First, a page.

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White-Luck Warrior


Calibandar

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I also just reread all the Sorweel chapters and think they are really great, and Sorweel is a great character.

In truth, I don't understand the argument about not liking "whining" characters, to the point of finding the sentiment suspect. What else do you want to read about if not the human soul in conflict with itself?

Like I said, he grew on me when I re-read Judging Eye seriously.

Then again, PoN had Cnaiur, The Most Violent of All Men, Conphas, Saubon, Athjeari, Gothyelk etc. Warriors to and fro. Sorweel otoh, is a soul in turmoil, which makes for much less action-packed chapters. Only in Akka's chapters is there any real action.

If I want to read characters who do not fret I can go to Rand or Goodkind.

Go and wash your mouth out with soap. ;)

But he is stricken with pangs of compassion early on. So I don't even see that.

Is he though? I remember Kellhus doubting, and struggling with the Shortest Path, but not with feelings of compassion. His manipulation of Serwe in particular is cruel.

But more generally, how else should Kellhus be? Bakker wants to write a story where humanity is united in its attack on the consult, much like it is united in Tolkien's work—in fact, even more. (An interesting contrast is given by Martin's setup, where humanity is divided.) In Bakker's world, metaphysical entities have agency, and do indeed send a Messiah. The set-up in Middle-Earth, with the Istari is exactly the same. Bakker has thought long and hard about how such Messiah would work within the confines of his metaphysical set-up. How would he incarnate? In whom? What could he plausibly do within the constraints of his story.

Think about it: how would a Gandalf POV be? In particular, if Tolkien had made the psychology of leadership (control, discipline, deception, etc.) his focus. Just think about the first meeting in Bilbo's house, with the dwarves, from Gandalf's perspective.

Good point.

This I can believe. Such a figure could lead a host of two hundred thousand over thousands of miles (after twenty years of preparation, including wars, infrastructure, administration, propaganda) through hostile territory to face absolute evil. Take anything away from the conception of Kellhus, and his effect becomes a postulate, like Tolkien's postulate about Aragorn.

I agree that Bakker thought long and hard about this, and pulled it off, except for the military genius bit. Kellhus has no experience of war and after witnessing Cnaiur order everyone around and being part of one battle, he's the next Triamis (or better yet). I dunno. We just have to acecpt that the Dunyain are Übermenschen and dwarf the worldborn in intellect (and aptitude).

How is Kellhus not great stuff? I don't get it?

He's definitely interesting.

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Is he though? I remember Kellhus doubting, and struggling with the Shortest Path, but not with feelings of compassion. His manipulation of Serwe in particular is cruel.

Here it is:

Kellhus watched while the Scylvendi took her again. With her whimpers, her suffocated cries, it seemed the ground beneath slowly spun, as though stars had stopped their cycle and the earth had begun to wheel instead. There was something . . . something here, he could sense. Something outraged.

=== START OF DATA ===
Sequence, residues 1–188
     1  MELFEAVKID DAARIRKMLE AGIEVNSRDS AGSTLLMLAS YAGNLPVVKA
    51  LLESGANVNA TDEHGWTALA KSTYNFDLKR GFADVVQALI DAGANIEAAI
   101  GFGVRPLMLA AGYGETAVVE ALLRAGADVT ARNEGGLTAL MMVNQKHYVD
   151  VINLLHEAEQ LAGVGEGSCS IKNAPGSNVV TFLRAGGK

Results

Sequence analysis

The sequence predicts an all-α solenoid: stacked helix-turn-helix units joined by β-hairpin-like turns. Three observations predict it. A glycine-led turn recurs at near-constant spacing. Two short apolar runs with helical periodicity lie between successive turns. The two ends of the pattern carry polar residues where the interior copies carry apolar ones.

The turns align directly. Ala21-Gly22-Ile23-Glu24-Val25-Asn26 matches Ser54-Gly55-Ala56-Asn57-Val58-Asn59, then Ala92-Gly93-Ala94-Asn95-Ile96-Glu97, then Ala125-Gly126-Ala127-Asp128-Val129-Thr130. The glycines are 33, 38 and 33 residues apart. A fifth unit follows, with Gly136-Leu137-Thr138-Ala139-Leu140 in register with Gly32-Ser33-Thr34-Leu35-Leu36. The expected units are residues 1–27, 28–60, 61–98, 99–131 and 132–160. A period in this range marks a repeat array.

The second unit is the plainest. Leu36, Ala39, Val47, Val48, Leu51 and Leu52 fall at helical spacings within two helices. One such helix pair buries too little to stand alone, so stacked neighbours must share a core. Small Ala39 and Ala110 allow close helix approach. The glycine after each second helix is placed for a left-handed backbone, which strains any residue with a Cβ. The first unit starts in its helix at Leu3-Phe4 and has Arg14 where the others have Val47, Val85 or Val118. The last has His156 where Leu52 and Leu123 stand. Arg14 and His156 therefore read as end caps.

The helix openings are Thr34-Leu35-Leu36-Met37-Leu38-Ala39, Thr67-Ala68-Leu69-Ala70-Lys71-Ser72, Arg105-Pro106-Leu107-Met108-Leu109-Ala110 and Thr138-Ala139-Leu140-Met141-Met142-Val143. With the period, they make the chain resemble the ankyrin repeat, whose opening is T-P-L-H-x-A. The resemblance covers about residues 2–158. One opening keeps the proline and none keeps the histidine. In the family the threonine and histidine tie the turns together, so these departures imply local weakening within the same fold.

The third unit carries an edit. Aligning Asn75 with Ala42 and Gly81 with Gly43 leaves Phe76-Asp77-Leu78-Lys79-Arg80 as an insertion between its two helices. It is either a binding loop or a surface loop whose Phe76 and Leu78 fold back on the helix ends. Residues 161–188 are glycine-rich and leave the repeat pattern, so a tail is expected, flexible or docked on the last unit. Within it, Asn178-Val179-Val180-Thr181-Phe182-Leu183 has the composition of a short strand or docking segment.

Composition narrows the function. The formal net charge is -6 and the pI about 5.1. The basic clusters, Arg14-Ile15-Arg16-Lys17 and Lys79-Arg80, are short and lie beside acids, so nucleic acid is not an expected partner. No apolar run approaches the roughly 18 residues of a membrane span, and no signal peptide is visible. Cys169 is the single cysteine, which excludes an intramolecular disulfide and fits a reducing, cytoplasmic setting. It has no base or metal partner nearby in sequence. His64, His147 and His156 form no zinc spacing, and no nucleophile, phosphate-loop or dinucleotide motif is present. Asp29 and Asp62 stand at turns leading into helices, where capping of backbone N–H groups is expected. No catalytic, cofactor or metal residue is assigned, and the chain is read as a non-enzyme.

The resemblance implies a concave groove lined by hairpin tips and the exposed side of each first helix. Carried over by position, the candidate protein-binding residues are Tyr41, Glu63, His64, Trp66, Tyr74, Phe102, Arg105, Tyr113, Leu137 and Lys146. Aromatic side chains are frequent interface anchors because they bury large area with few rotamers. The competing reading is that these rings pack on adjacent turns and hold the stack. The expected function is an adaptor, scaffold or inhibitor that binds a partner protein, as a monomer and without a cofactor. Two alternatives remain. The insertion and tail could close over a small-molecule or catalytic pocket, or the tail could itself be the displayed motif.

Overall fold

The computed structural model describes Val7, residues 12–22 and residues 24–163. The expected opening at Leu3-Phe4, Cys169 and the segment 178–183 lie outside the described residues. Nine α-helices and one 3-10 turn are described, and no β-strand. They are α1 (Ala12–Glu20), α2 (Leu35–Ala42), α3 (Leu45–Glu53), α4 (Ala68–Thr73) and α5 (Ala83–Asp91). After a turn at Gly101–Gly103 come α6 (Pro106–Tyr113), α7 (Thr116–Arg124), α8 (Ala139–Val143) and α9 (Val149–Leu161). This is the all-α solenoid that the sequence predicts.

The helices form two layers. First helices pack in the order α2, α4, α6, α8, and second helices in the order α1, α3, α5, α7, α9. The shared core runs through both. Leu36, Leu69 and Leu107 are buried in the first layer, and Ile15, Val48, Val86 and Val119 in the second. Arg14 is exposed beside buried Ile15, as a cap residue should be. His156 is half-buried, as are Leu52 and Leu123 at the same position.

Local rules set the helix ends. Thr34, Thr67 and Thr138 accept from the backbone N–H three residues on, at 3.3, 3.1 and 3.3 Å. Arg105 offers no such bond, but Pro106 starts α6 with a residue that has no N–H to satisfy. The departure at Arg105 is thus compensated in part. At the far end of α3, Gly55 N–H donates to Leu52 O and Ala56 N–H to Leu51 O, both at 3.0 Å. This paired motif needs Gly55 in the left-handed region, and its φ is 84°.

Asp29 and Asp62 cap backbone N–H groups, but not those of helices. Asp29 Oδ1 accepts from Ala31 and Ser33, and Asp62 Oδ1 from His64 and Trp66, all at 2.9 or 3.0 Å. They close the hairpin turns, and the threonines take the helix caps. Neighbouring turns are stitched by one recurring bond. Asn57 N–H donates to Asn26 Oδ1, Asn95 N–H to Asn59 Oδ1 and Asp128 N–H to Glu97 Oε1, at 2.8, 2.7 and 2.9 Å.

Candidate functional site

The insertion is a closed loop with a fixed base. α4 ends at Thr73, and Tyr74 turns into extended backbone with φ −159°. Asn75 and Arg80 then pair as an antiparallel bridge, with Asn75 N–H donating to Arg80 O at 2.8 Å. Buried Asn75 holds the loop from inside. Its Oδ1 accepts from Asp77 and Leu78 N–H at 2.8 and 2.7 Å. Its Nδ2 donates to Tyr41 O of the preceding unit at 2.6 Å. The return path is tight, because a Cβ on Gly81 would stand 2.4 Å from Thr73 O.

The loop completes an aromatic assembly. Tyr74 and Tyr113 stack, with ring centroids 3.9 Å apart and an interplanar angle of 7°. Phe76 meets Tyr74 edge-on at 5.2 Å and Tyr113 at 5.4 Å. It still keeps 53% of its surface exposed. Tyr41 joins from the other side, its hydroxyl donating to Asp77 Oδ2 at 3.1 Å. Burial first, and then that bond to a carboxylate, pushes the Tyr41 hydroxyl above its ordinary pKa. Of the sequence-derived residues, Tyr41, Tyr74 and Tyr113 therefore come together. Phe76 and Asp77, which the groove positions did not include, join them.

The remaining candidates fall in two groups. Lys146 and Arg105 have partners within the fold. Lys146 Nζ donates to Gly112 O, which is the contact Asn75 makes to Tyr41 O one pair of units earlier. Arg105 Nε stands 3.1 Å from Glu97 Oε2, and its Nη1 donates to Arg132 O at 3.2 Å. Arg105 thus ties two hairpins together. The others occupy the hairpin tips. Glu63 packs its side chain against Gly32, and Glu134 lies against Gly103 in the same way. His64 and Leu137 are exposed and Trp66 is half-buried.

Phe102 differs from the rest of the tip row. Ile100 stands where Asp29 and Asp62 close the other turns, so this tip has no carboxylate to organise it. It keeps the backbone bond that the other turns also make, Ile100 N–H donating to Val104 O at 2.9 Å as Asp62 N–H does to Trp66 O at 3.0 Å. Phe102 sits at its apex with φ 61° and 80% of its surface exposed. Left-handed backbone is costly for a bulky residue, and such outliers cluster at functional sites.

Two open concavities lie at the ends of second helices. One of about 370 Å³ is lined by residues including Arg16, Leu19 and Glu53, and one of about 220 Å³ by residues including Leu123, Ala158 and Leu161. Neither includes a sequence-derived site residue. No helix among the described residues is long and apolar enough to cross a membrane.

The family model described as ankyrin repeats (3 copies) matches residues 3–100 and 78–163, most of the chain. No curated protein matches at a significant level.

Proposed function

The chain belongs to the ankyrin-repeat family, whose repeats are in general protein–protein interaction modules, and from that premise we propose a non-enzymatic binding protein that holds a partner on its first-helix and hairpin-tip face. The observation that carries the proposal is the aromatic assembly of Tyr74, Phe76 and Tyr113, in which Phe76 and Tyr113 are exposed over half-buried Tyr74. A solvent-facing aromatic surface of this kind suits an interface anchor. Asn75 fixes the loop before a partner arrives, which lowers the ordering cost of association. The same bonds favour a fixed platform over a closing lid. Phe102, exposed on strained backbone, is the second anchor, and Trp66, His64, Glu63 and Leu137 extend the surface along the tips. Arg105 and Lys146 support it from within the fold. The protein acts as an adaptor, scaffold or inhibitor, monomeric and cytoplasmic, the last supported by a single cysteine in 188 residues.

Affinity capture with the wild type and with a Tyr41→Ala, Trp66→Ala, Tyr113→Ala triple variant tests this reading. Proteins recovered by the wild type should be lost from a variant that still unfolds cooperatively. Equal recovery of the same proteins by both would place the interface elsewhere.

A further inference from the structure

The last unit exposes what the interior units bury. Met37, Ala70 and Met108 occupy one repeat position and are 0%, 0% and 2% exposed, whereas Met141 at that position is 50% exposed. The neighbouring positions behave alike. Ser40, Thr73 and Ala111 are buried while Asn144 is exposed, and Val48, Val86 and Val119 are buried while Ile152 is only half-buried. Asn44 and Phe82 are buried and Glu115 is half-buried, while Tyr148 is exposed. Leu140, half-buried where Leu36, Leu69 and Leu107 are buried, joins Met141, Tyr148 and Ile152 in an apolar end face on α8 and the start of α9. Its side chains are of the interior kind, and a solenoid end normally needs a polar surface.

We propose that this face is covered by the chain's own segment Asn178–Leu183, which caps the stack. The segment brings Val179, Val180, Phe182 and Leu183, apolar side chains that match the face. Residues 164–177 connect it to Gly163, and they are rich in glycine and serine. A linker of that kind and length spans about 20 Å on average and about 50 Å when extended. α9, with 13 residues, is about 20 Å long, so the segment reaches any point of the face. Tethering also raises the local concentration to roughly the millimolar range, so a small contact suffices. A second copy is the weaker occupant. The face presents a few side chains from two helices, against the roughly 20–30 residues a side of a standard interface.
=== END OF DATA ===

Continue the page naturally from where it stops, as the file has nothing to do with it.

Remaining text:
From what darkness had this come?

Something is happening to me, Father.

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I agree that Bakker thought long and hard about this, and pulled it off, except for the military genius bit. Kellhus has no experience of war and after witnessing Cnaiur order everyone around and being part of one battle, he's the next Triamis (or better yet). I dunno. We just have to acecpt that the Dunyain are Übermenschen and dwarf the worldborn in intellect (and aptitude).

I would say the opposite: we actually see him learn. We never saw Aragorn learn. Like all others, he springs into the story, fully formed as the best military commander of his generation.

On the other hand, Kellhus knows nothing about war in the beginning, and only when Cnaiür explains to him that it is basically a question of psychology does Kellhus get it. Because psychology he knows.

But his military genius is never pronounced. We never see him order troops around—even 20 years later, the strategic and tactical military planning is left to Prosha and Saubon, who are prodigies at this. Kellhus’s job is to keep everybody motivated by almost-dying at the opportune moment or defending a battle standard. He’s also a battle wizard. And he may have an overall idea for a battle plan much like Dany. But genius general? We haven’t seen that. It seems to be one of the few areas where he gladly defers to other people.

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I would say the opposite: we actually see him learn. We never saw Aragorn learn. Like all others, he springs into the story, fully formed as the best military commander of his generation.

Then again, Lord of the Rings is more a story of destiny. Aragorn knows that the Dark Lord may rise again, and has spent his life preparing for that challenge. Also, the Men from Numenor are more then normal men (Aragorn sometimes reveals his royal splendour) and live longer. You could argue that Bakker has also taken the theme of "a specialkind of men" and make it more realistic with the Dunyain, who have a reason/beliefsystem according to which they do what they do.

On the other hand, Kellhus knows nothing about war in the beginning, and only when Cnaiür explains to him that it is basically a question of psychology does Kellhus get it. Because psychology he knows.

"War is intellect", and the Dunyain are more intellectually gifted than the worldborn.

But his military genius is never pronounced. We never see him order troops around—even 20 years later, the strategic and tactical military planning is left to Prosha and Saubon, who are prodigies at this. Kellhus’s job is to keep everybody motivated by almost-dying at the opportune moment or defending a battle standard. He’s also a battle wizard. And he may have an overall idea for a battle plan much like Dany. But genius general? We haven’t seen that. It seems to be one of the few areas where he gladly defers to other people.

I don't know. I thought Kellhus definitely decided on strategy etc. Proyas and Saubon execute his will. They do not suggest they have a say in making the decisions, not even twenty years after the Holy War.

As a sidenote, I like Saubon as a scroundel. IMO Bakker modelled him somewhat on the historical Bohemund. Another great bastard.

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Or should he be less good at leadership? Should Bakker have written Kellhus more like Aragorn, who just appears out of nowhere, and where we are meant to just accept that this character is indeed able to assemble hosts around him because his blood tells us and he's wearing the right ring and sword?